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Institute Touraine in Tours, south of Paris on the Loire River


The Payoff of Our French Experience

In our studies, we found that in reading stories which treated seriously people’s emotions, we could increase our own sensitivity to other cultures as well. Of course the classic French stories which have survived all these years are universal. We studied them as well as the most modern works. Our discovery of the French literature of the 17th and 18th centuries was the real payoff. This period was truly the golden age of French literature (ended by the Revolution). What’s incredible is that this literature was written with such clarity, simplicity, and beauty that it’s easily understandable today. The remarkable French have kept the flame of the past burning by preserving this classic language of such writers as Molière and Marivaux. It’s the most beautiful of all languages.

Surprising to us, there is a repertory of hundreds of these classic plays that are still being presented in Paris regularly. The amazing Comédie Française still has regular performances in the original theatre building commissioned by Louis XIV, using the original style costumes and, of course, the original language.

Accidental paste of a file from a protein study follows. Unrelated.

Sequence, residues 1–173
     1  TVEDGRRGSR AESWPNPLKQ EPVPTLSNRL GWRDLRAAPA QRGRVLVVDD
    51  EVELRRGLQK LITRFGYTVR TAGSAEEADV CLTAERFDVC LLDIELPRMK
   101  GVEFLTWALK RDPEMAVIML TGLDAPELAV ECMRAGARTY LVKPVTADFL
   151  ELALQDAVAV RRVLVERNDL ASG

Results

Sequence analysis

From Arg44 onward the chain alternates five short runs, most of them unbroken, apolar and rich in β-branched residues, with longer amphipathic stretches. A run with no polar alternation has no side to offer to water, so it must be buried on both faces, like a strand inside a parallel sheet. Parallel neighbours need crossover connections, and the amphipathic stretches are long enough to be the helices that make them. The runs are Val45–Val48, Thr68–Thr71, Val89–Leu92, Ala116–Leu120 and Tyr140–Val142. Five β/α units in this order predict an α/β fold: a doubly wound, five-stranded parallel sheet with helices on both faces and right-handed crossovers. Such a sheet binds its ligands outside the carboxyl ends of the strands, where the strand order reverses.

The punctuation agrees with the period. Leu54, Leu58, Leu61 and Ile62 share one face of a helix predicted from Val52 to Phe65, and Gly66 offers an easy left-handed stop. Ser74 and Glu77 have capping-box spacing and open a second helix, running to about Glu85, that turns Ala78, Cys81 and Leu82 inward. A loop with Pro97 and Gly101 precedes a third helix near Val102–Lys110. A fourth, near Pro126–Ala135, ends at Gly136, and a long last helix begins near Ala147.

The phenomenon of classical French theatre can be put in perspective when we remember that France at that time was the richest and had the largest population of all western countries. In 1789 its population of 27 million was far larger than either Russia’s, Germany’s, or Britain’s. In fact, it was the third largest country in the world, after China and India. This meant that there was a far larger theatre-going audience than in, say, England or Italy. It is no surprise that there exists a huge treasure of literature from this richest of countries in its golden era.


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